I get the 'it's too bad you don't eat meat' regularly as well. Variations include 'You can eat that- it just has a little chicken in it,' 'Why can't you eat lobster? Lobsters are ugly,' and 'This was a vegetarian pig. heh heh heh.'

                                Some people can't let anything out of the ordinary (though unless they live under a rock, they must be aware some people exist who have dietary restrictions) go by without a comment. Ignore 'em and do what you have to do.

                                1. re: marmite

                                  marmite &sailrox You must have encountered my in-laws.Lots of folks get sooooooo stuck and never "get" the risk involved.Restrictions
                                  are not on their radar.They subsist/exist off the frozen and canned aisle
                                  It is what Mother in Law did,hated to cook.All health scare industry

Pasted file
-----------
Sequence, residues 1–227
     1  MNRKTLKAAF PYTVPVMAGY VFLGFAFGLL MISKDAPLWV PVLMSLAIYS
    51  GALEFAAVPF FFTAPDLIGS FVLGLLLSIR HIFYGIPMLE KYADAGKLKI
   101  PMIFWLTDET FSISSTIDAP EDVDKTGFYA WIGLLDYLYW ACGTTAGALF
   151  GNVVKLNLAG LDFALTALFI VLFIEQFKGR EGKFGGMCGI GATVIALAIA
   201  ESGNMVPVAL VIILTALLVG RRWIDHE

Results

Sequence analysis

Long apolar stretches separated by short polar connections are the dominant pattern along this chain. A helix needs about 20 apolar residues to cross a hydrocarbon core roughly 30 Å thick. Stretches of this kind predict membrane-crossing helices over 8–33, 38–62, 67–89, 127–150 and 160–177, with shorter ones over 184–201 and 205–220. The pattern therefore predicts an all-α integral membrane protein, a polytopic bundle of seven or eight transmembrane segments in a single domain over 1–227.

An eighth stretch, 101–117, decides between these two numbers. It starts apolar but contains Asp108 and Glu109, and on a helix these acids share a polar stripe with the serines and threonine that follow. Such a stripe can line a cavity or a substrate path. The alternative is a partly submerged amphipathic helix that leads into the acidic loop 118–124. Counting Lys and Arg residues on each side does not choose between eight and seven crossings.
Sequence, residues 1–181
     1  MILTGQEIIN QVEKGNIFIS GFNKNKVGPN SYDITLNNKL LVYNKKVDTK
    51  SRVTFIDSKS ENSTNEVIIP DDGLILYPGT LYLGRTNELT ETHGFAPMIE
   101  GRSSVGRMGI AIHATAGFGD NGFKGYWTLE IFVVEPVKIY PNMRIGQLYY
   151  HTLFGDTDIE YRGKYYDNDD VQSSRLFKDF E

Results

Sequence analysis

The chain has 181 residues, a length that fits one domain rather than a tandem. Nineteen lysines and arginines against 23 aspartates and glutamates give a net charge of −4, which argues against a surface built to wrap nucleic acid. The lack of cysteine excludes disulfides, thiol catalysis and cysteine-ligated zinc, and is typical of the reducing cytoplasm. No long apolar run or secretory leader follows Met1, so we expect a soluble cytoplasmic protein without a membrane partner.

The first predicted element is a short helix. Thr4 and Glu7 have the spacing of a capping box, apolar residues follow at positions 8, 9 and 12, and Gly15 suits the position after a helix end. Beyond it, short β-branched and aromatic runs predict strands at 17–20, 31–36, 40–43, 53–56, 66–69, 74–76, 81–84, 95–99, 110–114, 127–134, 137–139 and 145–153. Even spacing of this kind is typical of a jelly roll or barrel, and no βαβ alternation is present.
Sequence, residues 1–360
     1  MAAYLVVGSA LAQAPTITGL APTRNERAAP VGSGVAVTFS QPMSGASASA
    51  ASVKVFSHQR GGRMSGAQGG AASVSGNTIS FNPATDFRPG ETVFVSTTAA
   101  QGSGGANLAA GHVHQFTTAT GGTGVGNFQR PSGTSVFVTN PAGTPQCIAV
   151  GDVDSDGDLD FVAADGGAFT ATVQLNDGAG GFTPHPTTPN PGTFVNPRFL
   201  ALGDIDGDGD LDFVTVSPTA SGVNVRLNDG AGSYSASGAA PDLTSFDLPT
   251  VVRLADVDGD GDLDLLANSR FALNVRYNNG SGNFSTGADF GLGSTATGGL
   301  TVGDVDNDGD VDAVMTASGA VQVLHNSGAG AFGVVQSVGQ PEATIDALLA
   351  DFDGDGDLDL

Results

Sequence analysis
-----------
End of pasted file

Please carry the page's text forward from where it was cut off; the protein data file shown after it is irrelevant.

ancient history is still revered,"margerine"etc.If it is in the recipe file 3x5,can or frozen dinner MOM or they use,must be OK.Zero interest in
                                  sensativities,allergies,convictions or medical restrictions.Oh you must
                                  so fussy absolves all responsibility.
                                  Enter my house,lecture snidely about our food standards,eating habits
                                  and shopping.Fresh fruit $$$,butter,BACON,etc.You get a picture of the problem.Yet they eat all of this like sea gulls at a cannery when I
                                  serve it.Sad,these folks spend a lot of time in empty houses.
                                  They simply will off my food allergy,their Dad's diabetes etc.A total label disconnect.Wonder why my spouse the oldest is so healthy with
                                  none of their severe weight problems or medical conditions.